• the red and green traffic control lights will operate as for other locks, the addition is that there is a flashing amber light which will flash as you approach the lock to confirm that your presence has been recognised.
  • once in the lock there will be control rods that extend from above the top of the lock to down towards the lowest water level, they were usually in the middle of the lock on one side only. The control rods are operated by lifting them about 5 cm. The red one is presumably an emergency halt function although we never used it. The blue one initiates the closing of the lock gate and the emptying or filling of the lock. After you lift it a blue light will start flashing and you will have about 20 seconds to return to your boat.
  • From this point on the operation is automatic and once filled or emptied the lock gate for exiting will open.

It is at this point that the caveat must be made, these automatic locks don’t work reliably – or at least they didn’t when we went through. The main points of failure seem to be the lock gates, they either won’t open or won’t close. This brings up the other essential piece of equipment at each lock, the speaker phone to the central office. We had to call in at about 10 locks out of 55, the response each time was “man comes”. After 10 to 20 minutes a small white VNF van will pull up, the guy will open up the lock control building, push the Reset button and everything will work properly.

Some locks have many bollards, others fewer, there seems to be a variety of placements which can make it slower to tie up as you need to be positioned somewhere near the control rods so you can get back to the boat after initiating the locking.

We have only listed formal Port de Plaisance facilities below, due to the unreliable nature of the locks it is hard to plan where you will spend nights. We travelled through empty canals in the off season, during high season oncoming traffic and queues for locks would also make planning overnight spots erratic. We spent all our nights outside locks as the Port de Plaisance facilities were either passed in the middle of the day or some are taken over and operated by the commercial charter companies.

Nancy km 163.5
Depth: <2m during spring flood waters
Air Draft: unlimited in harbour
Facilities: water, garbage, electricity, toilets, showers, food shopping nearby
Description: This was the worst harbour we encountered in France with fouled moorages, no visitor berths, every pontoon hammerhead filled up with a “project” boat with a dinghy moored on the outside to prevent rafting up. On top of that the port capitaine was lazy – he shut up his office and left after watching us try to moor. Boats that had wintered there described him as a problem to deal with.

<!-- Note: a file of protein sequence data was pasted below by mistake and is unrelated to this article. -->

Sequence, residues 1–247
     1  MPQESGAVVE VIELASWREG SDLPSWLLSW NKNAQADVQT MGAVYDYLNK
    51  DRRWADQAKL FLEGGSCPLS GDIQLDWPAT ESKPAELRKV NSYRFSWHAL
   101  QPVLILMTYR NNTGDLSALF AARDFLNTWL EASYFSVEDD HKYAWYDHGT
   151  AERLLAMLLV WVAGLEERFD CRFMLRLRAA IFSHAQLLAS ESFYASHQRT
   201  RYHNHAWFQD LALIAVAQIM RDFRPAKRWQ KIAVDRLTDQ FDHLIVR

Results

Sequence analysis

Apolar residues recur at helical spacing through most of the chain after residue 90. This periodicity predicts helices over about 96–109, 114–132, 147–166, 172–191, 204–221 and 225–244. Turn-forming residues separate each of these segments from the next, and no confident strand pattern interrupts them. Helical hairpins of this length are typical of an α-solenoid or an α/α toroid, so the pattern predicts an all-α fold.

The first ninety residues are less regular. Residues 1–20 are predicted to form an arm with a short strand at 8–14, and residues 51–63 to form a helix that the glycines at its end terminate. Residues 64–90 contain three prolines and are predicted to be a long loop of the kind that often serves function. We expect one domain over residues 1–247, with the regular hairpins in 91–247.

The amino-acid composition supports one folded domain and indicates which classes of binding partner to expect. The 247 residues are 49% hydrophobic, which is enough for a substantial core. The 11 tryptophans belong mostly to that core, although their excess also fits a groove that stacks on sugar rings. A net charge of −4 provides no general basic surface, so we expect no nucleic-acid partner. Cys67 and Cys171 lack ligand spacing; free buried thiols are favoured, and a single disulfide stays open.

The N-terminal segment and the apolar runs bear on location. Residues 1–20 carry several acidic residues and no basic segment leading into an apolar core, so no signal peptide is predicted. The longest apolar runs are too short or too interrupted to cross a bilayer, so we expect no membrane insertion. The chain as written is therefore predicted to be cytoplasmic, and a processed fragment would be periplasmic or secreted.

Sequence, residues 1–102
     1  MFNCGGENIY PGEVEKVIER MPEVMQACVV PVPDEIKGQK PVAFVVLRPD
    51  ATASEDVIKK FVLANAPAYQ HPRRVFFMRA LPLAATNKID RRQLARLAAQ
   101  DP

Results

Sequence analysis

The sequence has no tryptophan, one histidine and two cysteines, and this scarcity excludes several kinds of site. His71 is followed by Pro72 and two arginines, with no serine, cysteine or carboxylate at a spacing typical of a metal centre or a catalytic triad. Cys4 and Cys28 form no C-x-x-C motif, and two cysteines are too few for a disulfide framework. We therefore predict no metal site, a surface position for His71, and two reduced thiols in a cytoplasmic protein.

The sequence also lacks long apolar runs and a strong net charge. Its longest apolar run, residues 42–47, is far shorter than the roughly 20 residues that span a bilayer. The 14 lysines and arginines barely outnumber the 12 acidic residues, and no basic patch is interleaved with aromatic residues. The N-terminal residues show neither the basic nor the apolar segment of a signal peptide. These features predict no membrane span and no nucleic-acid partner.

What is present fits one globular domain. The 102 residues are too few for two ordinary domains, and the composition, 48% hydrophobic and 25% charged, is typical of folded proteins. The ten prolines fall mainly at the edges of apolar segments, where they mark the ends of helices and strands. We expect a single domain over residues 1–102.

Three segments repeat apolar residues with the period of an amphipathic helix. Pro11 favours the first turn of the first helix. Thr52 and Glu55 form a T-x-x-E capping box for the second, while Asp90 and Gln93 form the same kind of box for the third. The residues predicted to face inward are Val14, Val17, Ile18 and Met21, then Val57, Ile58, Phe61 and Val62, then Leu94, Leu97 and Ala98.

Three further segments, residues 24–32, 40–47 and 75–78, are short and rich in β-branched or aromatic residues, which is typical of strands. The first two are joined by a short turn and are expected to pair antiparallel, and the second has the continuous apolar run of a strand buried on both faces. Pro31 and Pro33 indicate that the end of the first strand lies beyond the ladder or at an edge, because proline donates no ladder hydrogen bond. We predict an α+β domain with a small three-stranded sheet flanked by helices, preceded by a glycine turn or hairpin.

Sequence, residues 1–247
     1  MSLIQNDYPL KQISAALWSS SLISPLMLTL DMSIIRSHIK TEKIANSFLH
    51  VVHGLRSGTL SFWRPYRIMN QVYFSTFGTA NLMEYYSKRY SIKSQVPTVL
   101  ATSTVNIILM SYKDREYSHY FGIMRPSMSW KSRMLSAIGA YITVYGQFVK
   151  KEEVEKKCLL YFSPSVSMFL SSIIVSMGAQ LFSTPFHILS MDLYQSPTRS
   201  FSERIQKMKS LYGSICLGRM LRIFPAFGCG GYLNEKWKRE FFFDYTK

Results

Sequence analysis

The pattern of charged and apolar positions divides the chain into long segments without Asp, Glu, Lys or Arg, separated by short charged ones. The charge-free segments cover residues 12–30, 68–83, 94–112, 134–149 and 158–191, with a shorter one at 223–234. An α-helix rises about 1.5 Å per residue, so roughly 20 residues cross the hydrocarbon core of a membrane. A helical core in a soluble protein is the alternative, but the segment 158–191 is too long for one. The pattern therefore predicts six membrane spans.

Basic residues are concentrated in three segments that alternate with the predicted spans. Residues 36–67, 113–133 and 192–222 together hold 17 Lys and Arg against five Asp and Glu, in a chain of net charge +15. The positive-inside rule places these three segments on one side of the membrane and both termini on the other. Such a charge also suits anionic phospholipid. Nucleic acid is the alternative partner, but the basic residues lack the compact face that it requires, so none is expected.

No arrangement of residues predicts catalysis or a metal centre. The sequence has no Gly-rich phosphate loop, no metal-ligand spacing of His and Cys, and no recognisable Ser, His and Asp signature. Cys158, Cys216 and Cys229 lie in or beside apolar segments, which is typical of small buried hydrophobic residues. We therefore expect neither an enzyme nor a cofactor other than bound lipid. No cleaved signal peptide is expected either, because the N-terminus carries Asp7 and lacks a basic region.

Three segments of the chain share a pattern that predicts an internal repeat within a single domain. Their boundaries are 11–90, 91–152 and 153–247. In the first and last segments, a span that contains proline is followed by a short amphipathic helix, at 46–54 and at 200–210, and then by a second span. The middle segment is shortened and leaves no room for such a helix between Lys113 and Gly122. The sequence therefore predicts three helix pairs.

Problems or Issues: Could not moor and could not locate any assistance from the marina staff.
Saint-Louis-Arzviller inclined plane km 255
Depth: 2+m
Air Draft: unlimited in harbour
Facilities: garbage, toilets in the visitor facilities of the boat lift
Description: There is a large mooring area at the bottom of the boat lift, it is surrounded by park land with picnic tables. A nice place to moor up and watch the “bath tub” go up and down.
Problems or Issues: You are in side a fenced area although it is large. There is a paved path to the top at the right of the boat lift when faced from the bottom.

After the boat incline the locks are centrally controlled as far as Saverne. You use the speaker phone at the lock and they “program you”. From that point to Saverne the locks would open for us as we approached (based on a speed of 8 kph). If they were in use then we would be delayed until the lock was free and then we would continue forward at 8 kph again.

The lock at Servande was the exception to the others and had a lock keeper who could only be described as miserable. It has a 5m rise as opposed to the others and also is twice the length of the other locks. In our case the lock keeper started the water dropping before the boats were tied up, opened the gate at the bottom, did not put on the green light to exit the lock and then closed the gate and started refilling the locks with the boats still inside. Not the best display for tourism.

After leaving Servande the locks are controlled by a signaling rope hanging over the canal which is pulled down as you approach the lock. This will then signal the system as the telecommande did on the other side. There is one lock on the outskirts of Strasbourg which was operated when we went through as it is immediately next to a swing bridge for road traffic and the operator controlled both. At the end of the canal the north lock onto the Rhine was closed when we went through, it appeared that the railway bridge before it was being rebuilt but there was no signage of any sort so we had to exit by the south lock onto the Rhine.